The current fashion, of course, is to come up with theories about how the world is supposed to work. The obvious problem: people aren't always rational. They are, in fact, influenced by things like advertising and a sense of fairness. As a result, math-heavy top-down models can prove disastrously wrong. Backhouse notes that crises of economics are common. Before the recent financial crisis, it was the crisis of the 1970s and a struggle to account for oil price shocks, waning productivity and stagflation.
For Kiviat and apparently for Backhouse, econometric projections are wrong because "people aren't always rational." Austrian economics tells us that people take human action to avoid problems and these actions make human behavior unpredictable. Not for Kiviat and Backhouse. For these two, trend projections tend to be inaccurate because people are influenced by "things like advertising and a sense of fairness." But Kiviat does not want to leave the reader with the sense that economic analysis is any sense useless or impractical. For this reason, she relates an anecdote about acid rain, as follows:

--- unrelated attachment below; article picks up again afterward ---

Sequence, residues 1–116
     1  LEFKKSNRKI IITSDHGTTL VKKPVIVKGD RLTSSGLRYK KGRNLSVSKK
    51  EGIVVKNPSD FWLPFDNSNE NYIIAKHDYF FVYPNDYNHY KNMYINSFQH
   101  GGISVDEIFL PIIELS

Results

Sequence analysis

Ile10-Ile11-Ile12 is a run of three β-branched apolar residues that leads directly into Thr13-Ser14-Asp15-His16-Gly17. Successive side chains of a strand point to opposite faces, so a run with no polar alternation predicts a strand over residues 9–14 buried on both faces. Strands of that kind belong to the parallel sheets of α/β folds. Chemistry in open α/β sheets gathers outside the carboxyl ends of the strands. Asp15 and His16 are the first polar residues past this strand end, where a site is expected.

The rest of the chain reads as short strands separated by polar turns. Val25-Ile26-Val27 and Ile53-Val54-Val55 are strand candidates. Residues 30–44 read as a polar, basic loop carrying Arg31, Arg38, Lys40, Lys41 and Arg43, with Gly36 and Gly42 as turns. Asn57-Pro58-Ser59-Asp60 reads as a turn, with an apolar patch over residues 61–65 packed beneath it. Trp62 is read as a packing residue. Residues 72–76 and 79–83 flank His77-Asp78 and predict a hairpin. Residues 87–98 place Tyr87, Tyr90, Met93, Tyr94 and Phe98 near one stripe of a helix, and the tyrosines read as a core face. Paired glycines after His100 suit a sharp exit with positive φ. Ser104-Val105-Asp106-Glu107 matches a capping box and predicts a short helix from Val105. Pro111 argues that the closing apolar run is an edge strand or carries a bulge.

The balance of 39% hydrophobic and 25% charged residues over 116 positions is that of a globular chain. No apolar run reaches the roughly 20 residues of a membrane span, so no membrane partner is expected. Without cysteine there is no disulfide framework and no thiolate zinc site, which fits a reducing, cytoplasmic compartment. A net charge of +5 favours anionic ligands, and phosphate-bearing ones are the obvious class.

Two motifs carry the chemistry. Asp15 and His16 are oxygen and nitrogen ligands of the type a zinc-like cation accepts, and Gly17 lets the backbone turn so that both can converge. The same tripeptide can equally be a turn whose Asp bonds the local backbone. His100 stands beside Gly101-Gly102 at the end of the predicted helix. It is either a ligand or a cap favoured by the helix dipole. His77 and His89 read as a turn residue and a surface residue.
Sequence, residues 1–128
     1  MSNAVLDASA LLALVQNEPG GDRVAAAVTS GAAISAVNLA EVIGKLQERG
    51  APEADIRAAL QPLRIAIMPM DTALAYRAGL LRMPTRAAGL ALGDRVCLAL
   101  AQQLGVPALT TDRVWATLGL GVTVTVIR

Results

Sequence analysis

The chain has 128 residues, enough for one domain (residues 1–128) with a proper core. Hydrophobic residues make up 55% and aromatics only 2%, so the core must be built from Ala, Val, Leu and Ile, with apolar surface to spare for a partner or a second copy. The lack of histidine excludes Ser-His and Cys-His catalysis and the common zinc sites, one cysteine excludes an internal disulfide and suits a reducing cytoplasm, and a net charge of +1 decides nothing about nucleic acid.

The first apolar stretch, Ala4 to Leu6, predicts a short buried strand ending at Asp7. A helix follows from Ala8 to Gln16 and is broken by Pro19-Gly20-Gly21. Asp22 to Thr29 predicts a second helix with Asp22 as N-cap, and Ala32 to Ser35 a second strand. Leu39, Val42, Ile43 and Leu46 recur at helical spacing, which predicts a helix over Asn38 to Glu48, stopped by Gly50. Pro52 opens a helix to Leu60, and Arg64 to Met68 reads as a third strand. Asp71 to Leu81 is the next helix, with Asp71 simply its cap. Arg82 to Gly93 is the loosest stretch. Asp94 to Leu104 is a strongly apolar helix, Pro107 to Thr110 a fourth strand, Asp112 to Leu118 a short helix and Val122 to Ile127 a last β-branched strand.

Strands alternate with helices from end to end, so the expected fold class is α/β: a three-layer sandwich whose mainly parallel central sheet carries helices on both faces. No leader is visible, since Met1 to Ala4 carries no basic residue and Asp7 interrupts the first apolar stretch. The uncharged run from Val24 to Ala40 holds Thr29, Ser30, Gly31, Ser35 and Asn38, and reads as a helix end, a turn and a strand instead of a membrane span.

None of that means economics is fundamentally flawed. Just that we expect too much of it. Backhouse also runs through a few examples of economics working just beautifully. One example: the program in the U.S. in the 1990s to control acid-rain-causing emissions. Setting up a marketplace and letting companies trade permits was a smash success. Companies innovated and emissions came down. Backhouse explains that part of the reason this worked so well was that the economics profession created the environment its equations were meant to describe.